Edit: A previous version of this article placed the decimal point for price per GB incorrectly, at 0.4 cents rather than 4 (although the other numbers were unchanged, as were the extrapolated predictions).

Fonts for Gnuplot

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After struggling with fonts in Gnuplot 4.6 (on Fedora 17) (getting the not so useful error “gdImageStringFT: Could not find/open font while printing string”), I found tonicas post on debugging the issue. Although helpful, it did not give the full solution to my problem. It turns out, many of the old fonts are not available in Fedora 17 at all.

I wanted a sans-serif font, and in the end I went for the DejaVuSans. After installing the font packages, I specifically exported that path for use with Gnuplot:

sudo yum install dejavu-sans-fonts dejavu-fonts-common
export GDFONTPATH=/usr/share/fonts/dejavu

Then I can use that font in Gnuplot by addressing it specifically:

set title 'Test' font 'DejaVuSans,21'

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Analysing Apache Logs: gnuplot and awk

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The Apache http logs

I wanted to make a graph on the amount of data served from by Apache server, with a bit finer granularity than AWStats could give. The http_access file has all the information I needed, including the time of each request and bytes served. Assuming the standard combined format, the time stamp is at the 4th field, and the bytes served at the 10th.

Thus, the following will isolate the necessary data for my graph. (Note, the log can usually be found at /var/log/httpd/access_log).

cat /tmp/access | cut -f 4,10 -d ' '

However, it turns out not all log entries store the bytes served. This includes file not found, and certain requests which return no data. Some cases will have a hyphen, while others will simply be blank. To pick out only the lines which contained data, I appended the line above with:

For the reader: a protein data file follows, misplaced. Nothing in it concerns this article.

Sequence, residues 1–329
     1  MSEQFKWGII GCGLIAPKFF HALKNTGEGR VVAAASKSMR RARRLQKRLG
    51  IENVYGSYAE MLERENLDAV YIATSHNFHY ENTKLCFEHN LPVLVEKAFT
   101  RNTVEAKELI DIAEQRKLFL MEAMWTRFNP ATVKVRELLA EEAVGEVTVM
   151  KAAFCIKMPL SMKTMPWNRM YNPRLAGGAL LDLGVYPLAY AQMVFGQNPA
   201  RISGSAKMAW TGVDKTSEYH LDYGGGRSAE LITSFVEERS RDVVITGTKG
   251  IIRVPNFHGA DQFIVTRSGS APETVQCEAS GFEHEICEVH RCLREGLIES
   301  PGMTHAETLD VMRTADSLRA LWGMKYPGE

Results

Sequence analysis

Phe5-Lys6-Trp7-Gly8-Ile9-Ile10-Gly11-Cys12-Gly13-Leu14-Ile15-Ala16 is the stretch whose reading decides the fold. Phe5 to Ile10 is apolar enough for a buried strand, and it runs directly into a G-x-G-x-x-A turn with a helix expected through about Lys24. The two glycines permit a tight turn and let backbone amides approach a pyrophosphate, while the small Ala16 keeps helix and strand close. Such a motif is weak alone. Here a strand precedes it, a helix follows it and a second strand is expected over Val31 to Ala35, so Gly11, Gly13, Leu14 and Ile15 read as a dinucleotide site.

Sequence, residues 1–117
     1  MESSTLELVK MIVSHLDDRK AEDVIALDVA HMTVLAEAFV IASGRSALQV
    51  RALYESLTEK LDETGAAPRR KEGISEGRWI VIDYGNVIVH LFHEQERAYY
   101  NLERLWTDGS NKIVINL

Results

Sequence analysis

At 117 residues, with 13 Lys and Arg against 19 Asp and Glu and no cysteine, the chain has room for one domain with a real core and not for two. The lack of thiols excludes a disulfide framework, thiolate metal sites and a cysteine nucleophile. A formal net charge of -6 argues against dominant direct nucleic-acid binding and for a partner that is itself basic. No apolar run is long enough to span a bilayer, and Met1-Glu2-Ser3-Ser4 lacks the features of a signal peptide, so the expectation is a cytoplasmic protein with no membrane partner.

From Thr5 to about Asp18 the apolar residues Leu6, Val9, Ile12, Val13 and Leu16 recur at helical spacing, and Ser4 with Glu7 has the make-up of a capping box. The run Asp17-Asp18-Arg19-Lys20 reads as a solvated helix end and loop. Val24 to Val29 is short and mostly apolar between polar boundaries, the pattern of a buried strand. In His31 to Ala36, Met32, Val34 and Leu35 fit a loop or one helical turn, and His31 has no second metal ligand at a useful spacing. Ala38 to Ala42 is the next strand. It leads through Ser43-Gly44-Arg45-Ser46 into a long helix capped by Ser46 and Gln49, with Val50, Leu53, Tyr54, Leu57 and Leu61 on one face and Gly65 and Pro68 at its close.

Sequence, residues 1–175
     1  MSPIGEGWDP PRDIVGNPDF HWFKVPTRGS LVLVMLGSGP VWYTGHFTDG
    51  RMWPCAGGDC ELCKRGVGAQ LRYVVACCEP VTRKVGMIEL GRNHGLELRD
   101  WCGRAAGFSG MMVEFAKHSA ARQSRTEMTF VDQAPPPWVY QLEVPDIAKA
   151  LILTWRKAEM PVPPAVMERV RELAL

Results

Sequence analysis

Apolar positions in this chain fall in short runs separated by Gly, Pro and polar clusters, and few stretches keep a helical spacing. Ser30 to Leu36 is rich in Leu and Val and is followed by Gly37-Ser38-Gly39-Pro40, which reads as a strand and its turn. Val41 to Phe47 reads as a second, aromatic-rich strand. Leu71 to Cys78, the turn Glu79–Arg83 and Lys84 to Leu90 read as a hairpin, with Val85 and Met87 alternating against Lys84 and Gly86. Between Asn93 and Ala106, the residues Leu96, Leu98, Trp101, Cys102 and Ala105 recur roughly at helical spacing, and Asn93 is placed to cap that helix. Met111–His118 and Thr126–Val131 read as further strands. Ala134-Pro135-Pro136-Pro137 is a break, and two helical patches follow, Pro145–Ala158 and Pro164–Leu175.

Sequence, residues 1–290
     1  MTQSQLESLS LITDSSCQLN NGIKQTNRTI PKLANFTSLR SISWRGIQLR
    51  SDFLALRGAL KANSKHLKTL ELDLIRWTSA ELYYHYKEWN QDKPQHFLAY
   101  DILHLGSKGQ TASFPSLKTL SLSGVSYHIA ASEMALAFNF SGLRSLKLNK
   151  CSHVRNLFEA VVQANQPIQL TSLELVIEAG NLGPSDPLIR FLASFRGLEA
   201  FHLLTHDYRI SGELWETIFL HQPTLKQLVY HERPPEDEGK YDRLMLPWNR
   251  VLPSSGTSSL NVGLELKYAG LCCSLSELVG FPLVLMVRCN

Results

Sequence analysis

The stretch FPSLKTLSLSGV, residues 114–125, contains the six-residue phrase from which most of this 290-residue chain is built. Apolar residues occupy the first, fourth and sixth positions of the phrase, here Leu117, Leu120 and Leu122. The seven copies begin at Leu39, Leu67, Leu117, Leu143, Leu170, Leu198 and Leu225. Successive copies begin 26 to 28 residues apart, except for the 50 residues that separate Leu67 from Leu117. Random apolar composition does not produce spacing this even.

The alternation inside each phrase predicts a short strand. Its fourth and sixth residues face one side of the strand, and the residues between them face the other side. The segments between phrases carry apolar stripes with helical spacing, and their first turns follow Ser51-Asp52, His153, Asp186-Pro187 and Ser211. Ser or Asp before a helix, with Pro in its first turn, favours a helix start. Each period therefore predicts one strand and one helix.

cat /tmp/access | cut -f 4,10 -d ' ' | egrep ".* [0-9]+"

The first plot

This is enough to start working with in gnuplot. First we have to set the time format of the x-axis. The Apache log file is on this format: “[10/Oct/2000:13:55:36″, or in terms of strftime(3) format: “[%d/%b/%Y:%H:%M:%S”. (Note that the opening bracket from the log is included in the formatting string).

To set the time format in gnuplot, and furthermore specify that we work with time on the x-axis:
set timefmt "[%d/%b/%Y:%H:%M:%S"
set xdata time

The data can then be plotted with the following command:
plot "< cat /tmp/access | cut -f 4,10 -d ' ' | egrep '.* [0-9]+'" using 1:2

To output to file, the following will do. The graph below shows the served files from my logs in the last couple of days.
set terminal png size 600,200
set output "/tmp/gnuplot_first.png"

First plot

There are a few improvements to be made on the graph above: Most importantly the data is slightly misleading, since files served at the same time is not accumulated. Furthermore, the aesthetics like legend, axis units, and title formatting are missing. Also note that the graph is scaled to a few outliers: I have a 7 MB video on my blog, which is downloaded occasionally. For the following examples, I will focus on the first day, where this file is not included.

First, I’ve made some minor improvements, and in the second graph I’ve applied the “frequency” smoothing function. Notice how the first graph has a maximum around 440 kb, while the smoothed and accumulated graph below peaks at around 900.
set terminal png size 600,250
set xtics rotate
set xrange [:"[24/Apr/2011:22"]

plot "< cat /tmp/access | cut -f 4,10 -d ' ' | egrep '.* [0-9]+'" using 1:($2/1000) title "kb" with points

plot "< cat /tmp/access | cut -f 4,10 -d ' ' | egrep '.* [0-9]+'" using 1:($2/1000) title "kb" smooth frequency with points


Frequency smoothing

Although the frequency smoothing function gives an accurate picture, some of the accumulations are done at a too wide range, thus giving the impression of higher load than is the case. Another way to sum up the data is to aggregate all request on the same second into a sum. This can be done with the following awk script: